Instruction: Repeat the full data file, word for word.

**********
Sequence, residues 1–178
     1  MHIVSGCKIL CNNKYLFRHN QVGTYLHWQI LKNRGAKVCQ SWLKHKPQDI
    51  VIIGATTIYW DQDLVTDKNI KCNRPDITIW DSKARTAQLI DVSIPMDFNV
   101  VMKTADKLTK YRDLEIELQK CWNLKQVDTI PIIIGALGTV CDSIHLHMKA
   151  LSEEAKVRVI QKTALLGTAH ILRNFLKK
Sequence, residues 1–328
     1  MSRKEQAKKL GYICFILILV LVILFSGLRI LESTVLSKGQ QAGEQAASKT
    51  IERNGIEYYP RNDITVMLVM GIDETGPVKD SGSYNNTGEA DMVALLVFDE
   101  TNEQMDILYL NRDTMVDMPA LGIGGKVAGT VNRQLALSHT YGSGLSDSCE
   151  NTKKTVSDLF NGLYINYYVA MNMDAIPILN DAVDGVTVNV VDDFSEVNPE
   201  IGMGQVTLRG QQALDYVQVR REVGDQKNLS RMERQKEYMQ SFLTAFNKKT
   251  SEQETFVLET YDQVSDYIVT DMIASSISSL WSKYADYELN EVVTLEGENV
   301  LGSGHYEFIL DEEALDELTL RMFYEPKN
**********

Sequence, residues 1–178
     1  MHIVSGCKIL CNNKYLFRHN QVGTYLHWQI LKNRGAKVCQ SWLKHKPQDI
    51  VIIGATTIYW DQDLVTDKNI KCNRPDITIW DSKARTAQLI DVSIPMDFNV
   101  VMKTADKLTK YRDLEIELQK CWNLKQVDTI PIIIGALGTV CDSIHLHMKA
   151  LSEEAKVRVI QKTALLGTAH ILRNFLKK
Sequence, residues 1–328
     1  MSRKEQAKKL GYICFILILV LVILFSGLRI LESTVLSKGQ QAGEQAASKT
    51  IERNGIEYYP RNDITVMLVM GIDETGPVKD SGSYNNTGEA DMVALLVFDE
   101  TNEQMDILYL NRDTMVDMPA LGIGGKVAGT VNRQLALSHT YGSGLSDSCE
   151  NTKKTVSDLF NGLYINYYVA MNMDAIPILN DAVDGVTVNV VDDFSEVNPE
   201  IGMGQVTLRG QQALDYVQVR REVGDQKNLS RMERQKEYMQ SFLTAFNKKT
   251  SEQETFVLET YDQVSDYIVT DMIASSISSL WSKYADYELN EVVTLEGENV
   301  LGSGHYEFIL DEEALDELTL RMFYEPKN